Because God gave us (i.e., human beings) the desire to have sex, and said that desire was “very good.” (Genesis 1:31)

Sexual thoughts become immodest when a person keeps thinking them: When a person allows sexual fantasies to keep them from seeing a person as the human being they are, or allows sexual fantasies to keep them seeing a piece of nude art as its creator intended it to be seen.

The human body is not in itself shameful, nor for the same reasons are sensual reactions, and human sensuality in general. Shamelessness (just like shame and modesty) is a function of the interior of a person, and specifically of the will, which too easily accepts the sensual reaction and reduces another person, because of the person’s ‘body and sex’, to the role of an object for enjoyment.

This matches up with what I believe, as a Catholic, to be true:

The forms taken by modesty vary from one culture to another. Everywhere, however, modesty exists as an intuition of the spiritual dignity proper to man. It is born with the awakening consciousness of being a subject. Teaching modesty to children and adolescents means awakening in them respect for the human person. (CCC 2524)

On a related note:

When it comes to the temptation to see a person who is naked as an outlet for sexual thoughts and desires, not as a human being:

A person chooses, of their own free will, to act on their lustful desires.

The “He/She was asking for it” defense doesn’t work. Why? Because, as the Bible says:

“It is not what enters into the mouth that defiles the man, but what proceeds out of the mouth, this defiles the man.” (Matthew 15:11)

What that verse means, in this case, is: If a person chooses to abuse someone who is naked, it’s not the fault of the person who is naked.

And: No one is ever “asking for it.”

Women

On another related note:

Clothes will not stop the temptation to see a human being as an object, not a person.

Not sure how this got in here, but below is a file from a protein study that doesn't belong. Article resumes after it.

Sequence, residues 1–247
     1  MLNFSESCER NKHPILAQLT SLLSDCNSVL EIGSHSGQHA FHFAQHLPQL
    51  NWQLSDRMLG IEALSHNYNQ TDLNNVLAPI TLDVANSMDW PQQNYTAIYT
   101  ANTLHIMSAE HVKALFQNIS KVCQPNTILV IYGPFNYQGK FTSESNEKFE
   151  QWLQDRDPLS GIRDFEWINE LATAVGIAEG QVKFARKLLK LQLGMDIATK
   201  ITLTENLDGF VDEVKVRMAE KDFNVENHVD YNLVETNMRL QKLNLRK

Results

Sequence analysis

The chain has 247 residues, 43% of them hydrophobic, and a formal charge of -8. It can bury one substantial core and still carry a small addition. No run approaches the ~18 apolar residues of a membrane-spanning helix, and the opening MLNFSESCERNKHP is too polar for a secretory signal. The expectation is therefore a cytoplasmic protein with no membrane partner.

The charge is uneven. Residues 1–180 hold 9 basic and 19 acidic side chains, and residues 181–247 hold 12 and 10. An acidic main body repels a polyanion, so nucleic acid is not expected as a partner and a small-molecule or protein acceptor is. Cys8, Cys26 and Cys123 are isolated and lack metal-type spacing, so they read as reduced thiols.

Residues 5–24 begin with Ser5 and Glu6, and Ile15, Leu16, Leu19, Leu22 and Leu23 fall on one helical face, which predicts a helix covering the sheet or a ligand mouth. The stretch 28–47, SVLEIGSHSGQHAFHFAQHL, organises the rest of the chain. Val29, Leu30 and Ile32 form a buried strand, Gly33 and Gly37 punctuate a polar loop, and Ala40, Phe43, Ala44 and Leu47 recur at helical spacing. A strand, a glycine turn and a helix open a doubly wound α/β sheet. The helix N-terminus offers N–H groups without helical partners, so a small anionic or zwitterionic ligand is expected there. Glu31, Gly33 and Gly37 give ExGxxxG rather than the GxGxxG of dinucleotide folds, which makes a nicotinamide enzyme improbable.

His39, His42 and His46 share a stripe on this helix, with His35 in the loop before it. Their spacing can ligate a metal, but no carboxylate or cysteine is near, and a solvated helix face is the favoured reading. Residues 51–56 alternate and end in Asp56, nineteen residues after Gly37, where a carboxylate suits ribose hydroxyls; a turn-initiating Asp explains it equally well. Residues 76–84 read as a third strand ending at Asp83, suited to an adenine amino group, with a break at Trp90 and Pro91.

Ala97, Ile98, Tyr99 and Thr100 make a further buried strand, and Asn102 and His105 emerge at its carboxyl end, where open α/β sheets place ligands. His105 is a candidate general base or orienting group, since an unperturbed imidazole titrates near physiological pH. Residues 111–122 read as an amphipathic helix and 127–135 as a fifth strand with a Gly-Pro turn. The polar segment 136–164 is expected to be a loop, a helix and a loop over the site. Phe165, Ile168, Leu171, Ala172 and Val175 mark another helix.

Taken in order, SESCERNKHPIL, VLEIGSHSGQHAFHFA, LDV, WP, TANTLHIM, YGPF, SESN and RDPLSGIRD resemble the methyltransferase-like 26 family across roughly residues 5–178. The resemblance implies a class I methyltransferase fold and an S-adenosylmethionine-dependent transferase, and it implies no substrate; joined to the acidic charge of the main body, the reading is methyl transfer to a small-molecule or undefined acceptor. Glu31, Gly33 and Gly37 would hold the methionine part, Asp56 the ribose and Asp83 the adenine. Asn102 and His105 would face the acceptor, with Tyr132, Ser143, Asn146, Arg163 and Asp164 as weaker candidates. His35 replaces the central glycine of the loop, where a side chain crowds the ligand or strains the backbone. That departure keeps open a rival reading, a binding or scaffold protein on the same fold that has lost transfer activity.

As seen here, in this piece of art depicting a Siren: It is not the Siren’s nudity, it is her singing voice and music, that tempts the man:

Sirens

The man only sees the Siren as what she can give him. The man doesn’t see the Siren as who she is, but as who he wants her to be: The fulfillment of his desire.

To bring up that verse from the Bible again: Sin doesn’t come from the outside — from what a person sees, hears, and/or feels — sin comes from the inside — from what a person thinks, and how that person chooses to act on those thoughts. (Matthew 15:11)

Clothes can, obviously, help a person be seen as a human being, not an object, by their fellow man. But, because we live in an imperfect world, clothes are not enough.

When Adam and Eve put on fig leaf loincloths (Genesis 3:7), the two of them didn’t suddenly return to the Edenic environment that had just been lost by them eating the fruit.

In order to return to the paradise that was lost, Adam and Eve didn’t need new clothes. Adam and Eve needed new hearts.

Adam and Eve7

How is it possible to get a new heart?

This is how:

By Jesus suffering, being stripped naked, shamed for everyone to see, and nailed to a cross to die.

Jesus7

Jesus was stripped naked and shamed to give us the chance to be naked without shame again. Jesus’ sacrifice for us opens the gates of Heaven: It gives us the chance to be, in Heaven, like Adam and Eve were in the Garden.

For further reading:

Nudism and the Edenic Call

Is it a sin to be naked?

Nudity and Shame

Nudity and Vulnerability

My Thoughts on Nudism